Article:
The NAAM Scam’s own website names Earl as a community hero, …
… while they have him arrested for painting outside of the building they celebrate him for helping to win. Earl, Omari and others lived inside the Colman School for years without water or electricity as its very first artist-in-residence — from 1985 until 1998 when the activists were raided and dispossessed by an SPD SWAT team — enduring so much so that the building might become a world renowned African American Heritage Museum & Cultural Center, complete with an instrument library and programming to develop the talent and skills of young community artists and keep youth off of the streets.
NAAM Scam and the Urban League colluded with the Gates Family, Norm Rice, the City of Seattle and the FBI to steal the Colman School from the activists whose vision, dedication and sacrifice over the course of 13 years won them a signed purchase and sale agreement with the Seattle School Board for the property. The Seattle School Board publicly accepted their down payment for the building at a public meeting documented by the Seattle Times, only to later return it.
The first director of the NAAM Scam is a proud FBI agent Carver Gayton (whose son is the policy advisor for King County Councilmember Girmay Zahilay). Bill Gates’ mother Mimi Gates and former Seattle Mayor Norm Rice are both founding and current board members of NAAM.
Elders Earl and Baba Omari, supported by a younger generation of revolutionary black activists and their native, brown and white accomplices, began reoccupying the premises outside of the Colman School on Juneteenth 2020 in the wake of the George Floyd Uprising. It is long overdue that the City and the Urban League correct past injustices and pass the building on debt-free with a programming budget to the new generation of grassroots black activists and their accomplices who are the rightful inheritors of our courageous elders’ legacy of revolution and resistance to create a real African American Heritage Museum & Cultural Center for today’s youth.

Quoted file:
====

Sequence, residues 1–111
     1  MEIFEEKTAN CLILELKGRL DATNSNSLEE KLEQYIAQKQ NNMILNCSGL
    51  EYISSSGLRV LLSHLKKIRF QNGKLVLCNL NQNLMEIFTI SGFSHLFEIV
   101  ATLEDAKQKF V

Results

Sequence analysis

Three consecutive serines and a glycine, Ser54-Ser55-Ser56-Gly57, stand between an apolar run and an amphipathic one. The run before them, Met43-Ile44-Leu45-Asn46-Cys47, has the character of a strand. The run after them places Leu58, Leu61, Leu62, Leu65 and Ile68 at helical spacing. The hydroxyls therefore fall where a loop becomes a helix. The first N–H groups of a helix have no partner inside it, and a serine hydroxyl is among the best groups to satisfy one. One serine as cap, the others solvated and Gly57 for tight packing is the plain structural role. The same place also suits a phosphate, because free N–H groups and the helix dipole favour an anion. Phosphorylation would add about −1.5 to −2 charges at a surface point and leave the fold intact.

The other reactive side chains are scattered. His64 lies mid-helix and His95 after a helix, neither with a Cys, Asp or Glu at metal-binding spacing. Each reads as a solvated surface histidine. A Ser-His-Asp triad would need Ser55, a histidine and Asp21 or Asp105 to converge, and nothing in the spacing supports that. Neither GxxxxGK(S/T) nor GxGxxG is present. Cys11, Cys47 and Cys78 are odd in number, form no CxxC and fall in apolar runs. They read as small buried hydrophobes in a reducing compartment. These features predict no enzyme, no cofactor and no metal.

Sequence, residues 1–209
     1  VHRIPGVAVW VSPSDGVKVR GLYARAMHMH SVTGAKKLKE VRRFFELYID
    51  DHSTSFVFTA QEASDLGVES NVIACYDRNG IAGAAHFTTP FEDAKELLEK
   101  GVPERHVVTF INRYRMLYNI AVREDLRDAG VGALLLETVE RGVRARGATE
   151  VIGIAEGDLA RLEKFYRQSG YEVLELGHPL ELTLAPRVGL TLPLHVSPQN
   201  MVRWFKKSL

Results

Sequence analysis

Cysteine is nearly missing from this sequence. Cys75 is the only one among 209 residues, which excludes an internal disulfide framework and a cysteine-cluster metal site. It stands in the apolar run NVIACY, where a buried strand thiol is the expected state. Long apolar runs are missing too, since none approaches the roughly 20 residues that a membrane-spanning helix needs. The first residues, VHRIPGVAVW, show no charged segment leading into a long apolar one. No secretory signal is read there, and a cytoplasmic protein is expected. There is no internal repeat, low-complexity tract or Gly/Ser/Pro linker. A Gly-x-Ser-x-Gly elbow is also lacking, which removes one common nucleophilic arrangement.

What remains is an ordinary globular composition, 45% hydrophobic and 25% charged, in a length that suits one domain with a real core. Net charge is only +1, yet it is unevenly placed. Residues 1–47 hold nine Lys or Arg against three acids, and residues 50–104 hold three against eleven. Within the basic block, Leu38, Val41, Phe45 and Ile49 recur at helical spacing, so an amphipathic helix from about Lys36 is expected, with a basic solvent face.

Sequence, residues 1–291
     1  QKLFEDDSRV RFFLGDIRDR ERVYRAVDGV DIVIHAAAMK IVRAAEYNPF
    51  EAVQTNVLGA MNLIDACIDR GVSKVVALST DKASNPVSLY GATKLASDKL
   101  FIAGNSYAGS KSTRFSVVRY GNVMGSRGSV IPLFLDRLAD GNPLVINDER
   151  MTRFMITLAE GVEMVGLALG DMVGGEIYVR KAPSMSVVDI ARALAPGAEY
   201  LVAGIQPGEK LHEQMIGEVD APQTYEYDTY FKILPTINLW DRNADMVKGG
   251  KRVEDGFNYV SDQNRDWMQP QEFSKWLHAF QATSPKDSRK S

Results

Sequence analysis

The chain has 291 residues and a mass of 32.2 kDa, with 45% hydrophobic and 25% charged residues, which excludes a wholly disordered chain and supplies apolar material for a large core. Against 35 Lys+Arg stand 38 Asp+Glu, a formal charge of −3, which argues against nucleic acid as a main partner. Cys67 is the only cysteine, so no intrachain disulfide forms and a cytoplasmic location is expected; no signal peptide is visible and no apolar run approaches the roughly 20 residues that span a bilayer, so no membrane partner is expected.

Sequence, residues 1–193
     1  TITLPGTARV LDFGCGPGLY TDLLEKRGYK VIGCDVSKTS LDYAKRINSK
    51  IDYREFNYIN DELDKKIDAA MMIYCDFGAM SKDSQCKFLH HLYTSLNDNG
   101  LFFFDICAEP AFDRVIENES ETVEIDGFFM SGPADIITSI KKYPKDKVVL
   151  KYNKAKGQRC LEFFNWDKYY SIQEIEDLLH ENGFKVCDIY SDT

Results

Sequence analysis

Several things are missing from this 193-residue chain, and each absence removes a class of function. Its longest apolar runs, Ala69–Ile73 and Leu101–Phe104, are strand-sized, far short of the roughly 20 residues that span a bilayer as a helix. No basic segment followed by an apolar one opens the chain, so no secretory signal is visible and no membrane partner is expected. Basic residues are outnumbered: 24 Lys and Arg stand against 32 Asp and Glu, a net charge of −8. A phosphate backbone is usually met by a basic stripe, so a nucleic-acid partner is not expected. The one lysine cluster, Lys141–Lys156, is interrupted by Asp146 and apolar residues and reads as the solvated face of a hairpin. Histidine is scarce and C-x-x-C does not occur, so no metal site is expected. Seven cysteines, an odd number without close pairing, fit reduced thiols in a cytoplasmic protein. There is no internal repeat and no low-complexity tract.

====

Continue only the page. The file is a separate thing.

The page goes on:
Come support Earl and the African American Heritage Museum & Cultural Center at Earl’s next hearing on Oct 19, 10:30 am, Seattle Superior Court, Courtroom 1002
On the afternoon of June 3rd, 2022, 74-year-old black elder and renowned artist Earl Debnam was arrested while painting outside of the building where he served as artist-in-residence of the African American Heritage Museum & Cultural Center from 1985-1998 in the longest occupation of a public building in US History.
The City Attorney is pressing charges against our elder for 1st degree criminal trespass!
He has a hearing scheduled in Seattle Municipal Court
September 19, 2022 at 9am
You can support by writing to the City Attorney, posting on social media, sending words of encouragement to Earl, and showing up to his hearing on Monday September 19th.
More About the Arrest:
Documents from the arrest indicate thatNAAM is contracting with apartheid mercenaries!